What would you do without Google?

Lorenzo Cohen, PhD:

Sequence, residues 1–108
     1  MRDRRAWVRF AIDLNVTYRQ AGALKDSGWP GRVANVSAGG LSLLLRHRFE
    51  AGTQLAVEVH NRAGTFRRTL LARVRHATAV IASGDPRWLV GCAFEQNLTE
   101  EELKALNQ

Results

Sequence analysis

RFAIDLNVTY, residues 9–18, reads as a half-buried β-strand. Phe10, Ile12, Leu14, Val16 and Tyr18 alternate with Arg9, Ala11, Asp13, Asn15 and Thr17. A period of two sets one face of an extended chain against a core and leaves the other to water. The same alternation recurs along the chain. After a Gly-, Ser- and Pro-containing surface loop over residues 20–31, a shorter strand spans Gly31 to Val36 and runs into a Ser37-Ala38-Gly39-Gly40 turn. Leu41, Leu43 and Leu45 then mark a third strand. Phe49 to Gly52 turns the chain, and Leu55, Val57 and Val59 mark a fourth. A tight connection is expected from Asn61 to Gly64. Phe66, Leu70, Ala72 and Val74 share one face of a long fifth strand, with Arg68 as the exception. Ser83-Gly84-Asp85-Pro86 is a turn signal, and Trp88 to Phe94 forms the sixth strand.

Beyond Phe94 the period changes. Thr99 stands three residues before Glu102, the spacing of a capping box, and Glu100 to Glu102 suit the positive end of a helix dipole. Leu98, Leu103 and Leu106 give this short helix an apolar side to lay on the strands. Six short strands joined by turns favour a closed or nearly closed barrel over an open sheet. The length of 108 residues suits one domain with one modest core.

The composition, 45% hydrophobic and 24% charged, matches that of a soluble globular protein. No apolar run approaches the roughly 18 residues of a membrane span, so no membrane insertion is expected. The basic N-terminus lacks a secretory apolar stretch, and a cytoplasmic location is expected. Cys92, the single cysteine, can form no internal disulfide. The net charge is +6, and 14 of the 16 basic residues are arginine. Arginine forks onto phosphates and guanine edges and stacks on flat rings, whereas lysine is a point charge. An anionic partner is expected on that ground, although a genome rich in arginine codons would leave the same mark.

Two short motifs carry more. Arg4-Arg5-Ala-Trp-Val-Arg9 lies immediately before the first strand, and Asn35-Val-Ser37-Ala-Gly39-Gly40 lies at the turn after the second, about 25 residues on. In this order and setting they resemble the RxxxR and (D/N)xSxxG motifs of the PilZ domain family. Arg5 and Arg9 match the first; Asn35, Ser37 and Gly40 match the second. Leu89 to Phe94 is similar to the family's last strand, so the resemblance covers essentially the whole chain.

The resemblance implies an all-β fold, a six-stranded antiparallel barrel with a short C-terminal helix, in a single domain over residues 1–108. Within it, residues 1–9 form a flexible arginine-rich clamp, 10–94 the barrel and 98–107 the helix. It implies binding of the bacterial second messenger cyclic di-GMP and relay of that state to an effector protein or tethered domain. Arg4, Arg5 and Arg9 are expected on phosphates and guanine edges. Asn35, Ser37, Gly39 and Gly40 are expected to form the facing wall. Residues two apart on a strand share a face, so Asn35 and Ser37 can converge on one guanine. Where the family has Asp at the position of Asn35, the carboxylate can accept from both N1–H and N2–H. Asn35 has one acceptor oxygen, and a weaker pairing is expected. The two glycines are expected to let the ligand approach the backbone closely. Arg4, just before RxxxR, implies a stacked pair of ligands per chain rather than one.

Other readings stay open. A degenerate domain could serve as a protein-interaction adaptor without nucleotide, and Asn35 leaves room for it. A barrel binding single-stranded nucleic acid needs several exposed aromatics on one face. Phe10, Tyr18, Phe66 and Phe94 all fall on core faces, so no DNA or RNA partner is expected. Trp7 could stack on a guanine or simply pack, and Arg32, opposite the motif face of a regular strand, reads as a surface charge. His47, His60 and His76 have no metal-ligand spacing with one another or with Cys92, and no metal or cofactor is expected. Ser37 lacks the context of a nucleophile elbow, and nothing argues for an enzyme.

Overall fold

Yeah. Parliament of the World's Religions, 1893, is when he gave that lecture. And, you know, he sort of, you know, brought to the West these Eastern concepts of yoga. Anyway, why that... Why that segue is because my colleagues, the Vivekananda group, base their yoga on the ancient texts, and really going back to traditional yoga, not yoga as it's been conceived of in the West. And that really resonated with me because, you know, I wanted to go beyond just the physical, which has been the main focus of the West. You go to the YMCA, there's not a lot of meditation. There's not a lot of yogic philosophy. And, you know, so they talk about diet, they talk about, you know, the body as this temple that you need to, you know, treat appropriately, and interaction with others, and, again, yogic philosophy. So I kind of knew in living with my grandmother that if you're to engage in Yoga with a capital Y, then everything in your life would sort of change, and yoga was kind of a gateway to get you to become that better person. And so that's why working with the Vivekananda group was very appealing. You know, they -- you know, it's -- you know, at the end of their talks that they would give, they would have, you know, these grandiose statements, like, "Well, if everyone in the world was just doing yoga, then that would bring peace to our world. And, you know, at the time I was, you know, sort of rolling my eyes -- whatever, we need to do a clinical trial and get the grants submitted. But, of course, they're absolutely right, and that's kind of this crazy mission that they're on. They've now been deemed a degree-granting university. They have been for a number of decades now, where they give PhD in Yogic Sciences, and people have -- they have to do research in yoga. They have to learn yogic philosophy. They read the texts, and they have -- typically are doing some type of clinical trial, whether it's in pediatric populations or schoolchildren or Alzheimer's or diabetes or obesity, etc. They're graduating hundreds and hundreds of students every year from this university to try and get everyone in the world to be doing yoga, to bring peace to the world. I mean, so it's like, you know, kind of incredible. [] So what was clear to me in our yoga research that continues today is people aren't doing yoga as a capital Y. Now, some of the women became really engaged with yoga, and it did transform their lives, and there's many examples. This one woman, you know, loved it so much she hired our yoga therapist part-time to come to her work every week to teach her and her whole staff, and she had a small company of forty-something people. And I believe many of these people did have their lives transformed by yoga, but it was really the minority. And, you know, when a friend of mine is diagnosed with cancer, if somebody walks into the Integrative Medicine Center, or a friend of a friend, and you get these emails all the time, I don't say, "Well, you know, why don't you just do yoga during radiation? Everything will be fine. I talk about their sleep. We talk about their diet. We talk about exercise. We talk about stress, and, you know, mind/body, and engaging this, and so what one would call a more comprehensive approach. So in 2009, I believe it was February -- and this is in my book, and we'll get to that -- in February of 2009, John Mendelsohn sends me an email and says, "I've just come back from Davos, Switzerland, where I was a speaker at the World Economic Summit, and I was on a panel discussing, of course, health, with this psychiatrist from Pittsburgh named David Servan-Schreiber. Have you ever heard of him? And I was like, "No, I've never heard of David Servan-Schreiber. And I looked him up, and he's a psychiatrist and, you know, did research in, I think, schizophrenia and some other psychiatric disorders, MD/PhD neuroscientist. And John said, "Well, you know, I encourage you to read his book, Anticancer: A New Way of Life, and if you're interested, I'll support inviting him to give a talk, because I think he's, you know, right on target. So, you know, John Mendelsohn. We're talking about the president of MD Anderson, right, (laughter) who, of course, you know, is the reason why we founded and had a super successful integrative medicine program. [] So I read David's book and was just blown away, not only his personal story that he was diagnosed with a brain tumor, living in Pittsburgh, peak of his career, publishing in top journals, ego, you know, bigger than, you know, you could fit in a room, and was diagnosed with this brain tumor, and said, "Eh, OK, cut it out, and do what you've got to do, and I've got to get back to work. And he has this picture of himself, you know, I think it was, like, after the treatment, and sitting at a table, and he's got Coke cans, and he's on his laptop, and he's like, "You know, whatever, I gotta get back to work. And then he had a recurrence shortly thereafter, and he essentially said, "I'm not gonna survive this if something doesn't change. And when he went to the doctors and he said, you know, "What should I do now? You know, and then he underwent chemo and more surgery -- and, you know, it was much harder recovering the second time -- essentially the doctors said nothing, just like we do here, and, you know, all around the world. And he's like, "That doesn't make sense. I'm going to go and look in the literature. He knew nothing about cancer because he was a psychiatrist. And he uncovered all the literature that exists supporting why integrative oncology exists in the first place. So back in 2003, we formed the Society for Integrative Oncology: myself; Dr. Barrie Cassileth, who is the head of Integrative Medicine at Memorial Sloan Kettering, our collaborator, nemesis, competitor in New York City; and Dr. David Rosenthal, who was oncologist and then the head of Integrative Medicine at Dana-Farber Cancer Center in Boston. He was the former head of -- president of the American Cancer Society. So the three of us partnered together, and we founded the organization called Society for Integrative Oncology, based on, you know, everything that was going on in the field of integrative medicine at the time. [] There's -- the -- what David did so successfully in his book that was first written in French and then translated and published by a British publisher in English before it came to the United States -- and the first English translation, I believe, was in 2007, and then it was re-- second edition rereleased in 2009 -- is he brought together all the literature in the area of diet, exercise, mind/body stress, and the environment in one area, and it is very powerful and compelling when you see it all in one place at one time. So I was familiar with in particular those three areas of research, of diet, exercise, and mind/body, not as much in the area of diet, because I hadn't gotten as engaged in the area of diet up until that point. But actually, that previous summer had read a number of lay books in this area of diet, stuff like Michael Pollan's Omnivore's Dilemma, and this book about the food industry, David Keller's book, The...